Are we breathing clean air in MM?
This was the question of Dr. Preciosa Corazon Pabroa, a Member of the DOST-National Research Council of the Philippines (NRCP) when she presented her study during the National Research and Development Conference in April. To emphasize further the importance of clean air, she added that humans can survive three (3) weeks without food, 3 days without water, but only 3 minutes without air.
Air particulate pollution affects health (respiratory and cardiovascular functions), environment and contributes to climate change. And the big problem is, air pollutants can come from natural or anthropogenic (or man-made) sources. One thing is sure - traffic is a major source of air pollution in Metro Manila.
The mix-up in the air of the variety of air pollution sources, however, makes it impossible to simply collect and weigh the air particulates.
The Importance of air
Particulate Matter (PM) is any type of solid particles in the air in the form of smoke, dust and vapors which are produced by many sources, including burning of diesel fuels by vehicles, fossil fuels, mixing and application of fertilizers and pesticides, road construction, industrial processes and operation of woodstoves.
PM10 or coarse particles are of less concern but they can irritate a person's eyes, nose, and throat. Dust and smoke are visible examples of PM10.
On the other hand, PM2.5 or fine particles pose the greatest health risk. These fine particles can get deep into lungs and some may even get into the bloodstream and can only be seen underneath a microscope.
According to the DENR-Environment Management Bureau, the agency responsible for the implementation and enforcement of Republic Act No. 8749, otherwise known as the “Philippine Clean Air Act of 1999″, some microscopic particles in the air can be breathed into the lungs causing increased respiratory disease and lung damage.
RA 8749 also aims to raise awareness about pollution prevention through programs such as Linis/Ligtas Hangin, together with Bantay Tambutso, Bantay Tsimnea, and Bantay Sunog. It imposes regulatory standards to sources of pollution such as factories and power plants.
DOST, together with DENR, the Department of Transportation and Communication (DOTC), the Department of Trade and Industry (DTI), and the Department of Energy (DOE), and others help in implementing the R.A. 8749.
Make way for NATs
Dr. Pabroa of the DOST-Philippine Nuclear Research Institute (PNRI) that conducts air pollution source apportionment activities, studied how Nuclear Analytical Techniques (NATs) generate multi-element data for use in receptor modeling to unravel the real score of air particulate pollution in the air we breathe.NATs are well-suited for airborne particulate matter (APM) research providing the multi-element data for use in air pollution, while the source apportionment studies (receptor modeling) enables better understanding of the sources of particulate pollution in critical cities or areas.
Dr. Pabroa’s study is titled, “Air Particulate Matter: Characterization by Elemental and Isotopic Fingerprinting of Organic and Inorganic Pollution Sources and Possible Mitigation Measures by Electron Beam Technology”. Simply, it provides basic data for better air quality management and the environmental authorities and policymakers with key information necessary for implementation and review of the effectiveness of policy-level changes intended to air pollution reduction initiative of the government.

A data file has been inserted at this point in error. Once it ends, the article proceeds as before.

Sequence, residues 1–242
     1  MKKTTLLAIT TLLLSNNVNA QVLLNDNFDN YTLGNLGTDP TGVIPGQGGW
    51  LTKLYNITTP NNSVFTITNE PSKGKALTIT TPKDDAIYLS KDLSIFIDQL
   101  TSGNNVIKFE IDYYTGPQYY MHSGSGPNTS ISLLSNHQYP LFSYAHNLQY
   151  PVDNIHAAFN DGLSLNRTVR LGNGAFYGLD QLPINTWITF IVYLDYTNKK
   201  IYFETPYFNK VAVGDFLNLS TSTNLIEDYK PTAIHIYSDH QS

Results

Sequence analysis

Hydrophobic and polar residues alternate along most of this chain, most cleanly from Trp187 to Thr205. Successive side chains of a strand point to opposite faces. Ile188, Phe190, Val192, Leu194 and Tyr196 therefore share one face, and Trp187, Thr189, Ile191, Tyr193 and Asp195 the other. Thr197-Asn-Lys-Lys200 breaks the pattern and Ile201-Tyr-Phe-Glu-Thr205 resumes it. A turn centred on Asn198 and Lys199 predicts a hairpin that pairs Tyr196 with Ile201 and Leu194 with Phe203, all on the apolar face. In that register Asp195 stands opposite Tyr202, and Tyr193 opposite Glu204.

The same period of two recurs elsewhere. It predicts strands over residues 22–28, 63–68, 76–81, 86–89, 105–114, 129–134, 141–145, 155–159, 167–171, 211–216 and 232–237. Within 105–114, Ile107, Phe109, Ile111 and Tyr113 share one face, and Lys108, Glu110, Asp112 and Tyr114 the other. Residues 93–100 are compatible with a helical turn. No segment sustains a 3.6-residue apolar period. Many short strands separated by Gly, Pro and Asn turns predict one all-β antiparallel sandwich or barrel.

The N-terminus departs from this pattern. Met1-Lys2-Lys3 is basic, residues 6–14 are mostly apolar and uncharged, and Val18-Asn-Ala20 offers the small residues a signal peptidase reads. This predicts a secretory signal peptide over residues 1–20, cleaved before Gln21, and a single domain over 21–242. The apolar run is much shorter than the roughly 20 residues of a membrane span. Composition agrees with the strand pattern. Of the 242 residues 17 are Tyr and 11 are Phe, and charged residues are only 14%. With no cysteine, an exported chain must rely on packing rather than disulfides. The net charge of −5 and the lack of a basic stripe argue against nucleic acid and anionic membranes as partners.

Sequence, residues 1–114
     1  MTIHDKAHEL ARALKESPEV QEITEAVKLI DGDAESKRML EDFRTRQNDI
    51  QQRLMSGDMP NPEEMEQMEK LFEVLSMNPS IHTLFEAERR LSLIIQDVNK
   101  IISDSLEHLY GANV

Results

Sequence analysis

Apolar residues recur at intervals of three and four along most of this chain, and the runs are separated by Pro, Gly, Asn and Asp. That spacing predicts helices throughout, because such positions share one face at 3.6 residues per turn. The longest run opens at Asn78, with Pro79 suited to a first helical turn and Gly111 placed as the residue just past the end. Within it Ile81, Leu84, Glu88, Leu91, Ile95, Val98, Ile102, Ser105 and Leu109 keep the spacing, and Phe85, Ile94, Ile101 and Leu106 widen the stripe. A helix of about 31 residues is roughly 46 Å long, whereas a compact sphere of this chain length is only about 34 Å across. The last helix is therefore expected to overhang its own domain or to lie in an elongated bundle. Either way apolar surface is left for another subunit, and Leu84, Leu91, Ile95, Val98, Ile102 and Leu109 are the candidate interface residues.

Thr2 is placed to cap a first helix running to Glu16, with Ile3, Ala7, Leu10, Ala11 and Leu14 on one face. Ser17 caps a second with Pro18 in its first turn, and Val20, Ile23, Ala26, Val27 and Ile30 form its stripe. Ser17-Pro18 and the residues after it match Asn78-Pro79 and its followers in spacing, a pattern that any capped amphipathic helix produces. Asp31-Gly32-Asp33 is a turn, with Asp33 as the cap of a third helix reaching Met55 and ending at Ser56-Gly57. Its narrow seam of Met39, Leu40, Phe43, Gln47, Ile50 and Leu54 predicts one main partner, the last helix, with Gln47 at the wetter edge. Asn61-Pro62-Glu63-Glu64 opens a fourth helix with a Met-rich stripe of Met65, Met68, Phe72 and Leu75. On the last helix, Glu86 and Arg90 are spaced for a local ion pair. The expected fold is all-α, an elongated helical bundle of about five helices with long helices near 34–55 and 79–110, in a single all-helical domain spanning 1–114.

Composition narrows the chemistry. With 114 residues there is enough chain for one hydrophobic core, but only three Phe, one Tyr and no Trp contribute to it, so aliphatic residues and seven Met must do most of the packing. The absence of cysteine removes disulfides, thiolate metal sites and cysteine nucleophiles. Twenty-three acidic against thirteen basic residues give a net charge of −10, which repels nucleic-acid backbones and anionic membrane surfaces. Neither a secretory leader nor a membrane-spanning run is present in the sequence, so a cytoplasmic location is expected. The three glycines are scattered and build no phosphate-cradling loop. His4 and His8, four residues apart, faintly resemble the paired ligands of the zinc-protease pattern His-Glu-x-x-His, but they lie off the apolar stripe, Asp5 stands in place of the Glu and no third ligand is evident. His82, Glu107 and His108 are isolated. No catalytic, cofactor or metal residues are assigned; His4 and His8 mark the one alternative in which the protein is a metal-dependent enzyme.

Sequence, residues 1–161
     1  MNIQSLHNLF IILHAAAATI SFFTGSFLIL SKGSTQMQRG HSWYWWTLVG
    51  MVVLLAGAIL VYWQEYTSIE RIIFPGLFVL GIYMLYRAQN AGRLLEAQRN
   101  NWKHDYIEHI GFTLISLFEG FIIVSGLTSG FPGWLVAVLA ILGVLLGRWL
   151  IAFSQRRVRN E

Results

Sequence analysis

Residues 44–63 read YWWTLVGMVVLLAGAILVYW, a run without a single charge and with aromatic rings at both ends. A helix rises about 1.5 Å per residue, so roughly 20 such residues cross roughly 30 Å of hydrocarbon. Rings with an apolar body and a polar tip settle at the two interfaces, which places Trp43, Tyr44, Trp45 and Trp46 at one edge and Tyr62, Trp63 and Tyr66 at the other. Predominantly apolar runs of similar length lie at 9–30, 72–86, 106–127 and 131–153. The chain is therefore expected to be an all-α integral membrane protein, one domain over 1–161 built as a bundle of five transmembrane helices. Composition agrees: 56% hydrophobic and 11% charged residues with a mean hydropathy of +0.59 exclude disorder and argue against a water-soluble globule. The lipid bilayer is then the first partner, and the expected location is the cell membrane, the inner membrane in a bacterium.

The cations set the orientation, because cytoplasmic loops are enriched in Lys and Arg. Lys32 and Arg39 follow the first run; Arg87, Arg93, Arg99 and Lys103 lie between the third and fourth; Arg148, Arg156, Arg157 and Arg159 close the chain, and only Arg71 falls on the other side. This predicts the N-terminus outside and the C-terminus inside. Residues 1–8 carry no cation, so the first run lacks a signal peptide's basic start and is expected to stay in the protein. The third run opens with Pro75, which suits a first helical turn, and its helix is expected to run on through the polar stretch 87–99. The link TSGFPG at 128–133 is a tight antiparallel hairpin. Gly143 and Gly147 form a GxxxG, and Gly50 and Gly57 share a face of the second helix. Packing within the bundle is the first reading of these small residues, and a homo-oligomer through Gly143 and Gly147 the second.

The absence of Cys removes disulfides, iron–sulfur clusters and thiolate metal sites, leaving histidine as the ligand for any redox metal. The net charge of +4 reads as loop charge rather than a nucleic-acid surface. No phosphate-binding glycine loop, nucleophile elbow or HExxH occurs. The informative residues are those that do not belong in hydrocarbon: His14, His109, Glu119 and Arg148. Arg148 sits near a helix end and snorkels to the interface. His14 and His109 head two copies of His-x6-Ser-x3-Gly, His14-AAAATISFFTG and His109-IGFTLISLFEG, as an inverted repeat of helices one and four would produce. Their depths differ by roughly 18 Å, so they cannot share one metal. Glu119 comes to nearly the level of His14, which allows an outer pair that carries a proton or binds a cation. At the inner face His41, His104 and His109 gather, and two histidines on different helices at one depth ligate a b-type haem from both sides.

In her research, she conducted source apportionment studies in critical areas such as in highly industrialized areas (North Harbor and Valenzuela City) and in a prime tourist spot (Boracay Island). This is an effort to provide science-based information on local air particulate pollution problem in these sites.
DOST-NRCP Policy Forum
For the policymakers to better appreciate the science-based information generated by the project, the DOST-NRCP will conduct a policy forum to come up with efficient policy recommendations. The Luzon Policy Forum with the theme “Unraveling Air Particulate Pollution Effects in the Air we Breathe” will happen on November 11, 2019 at the DOST-PNRI, Diliman, Quezon City.
The forum participants include Department of Health (DOH), Department of Environment and Natural Resources (DENR), Department of Tourism (DOT), Department of Transportation (DOTr), Local Government Units (LGUs) of Valenzuela, Manila, Quezon City, Makati, Taguig, Paranaque, Pasay, Las Pinas, Aklan, Senate, House of Representatives and DOST and its attached agencies. The detailed results of the study will be revealed during the policy forum.
For the question “are we breathing clean air in Metro Manila?”, Dr. Pabroa, with the application of NATs and receptor modelling says “the air quality in Metro Manila is bad”. But on a positive note, we can still breathe clean air if we do our own share by participating in the pollution prevention programs of the government.
As revealed by NATs receptor modeling, air quality in MM is bad.
On a positive note: On 18 November 2015 during the APEC Economic Leaders Meeting, Metro Manila employees were made to go on holiday for a week. Naturally, only a few vehicles plied Metro Manila for that week and this picture of clear, blue skies above Metro Manila was taken.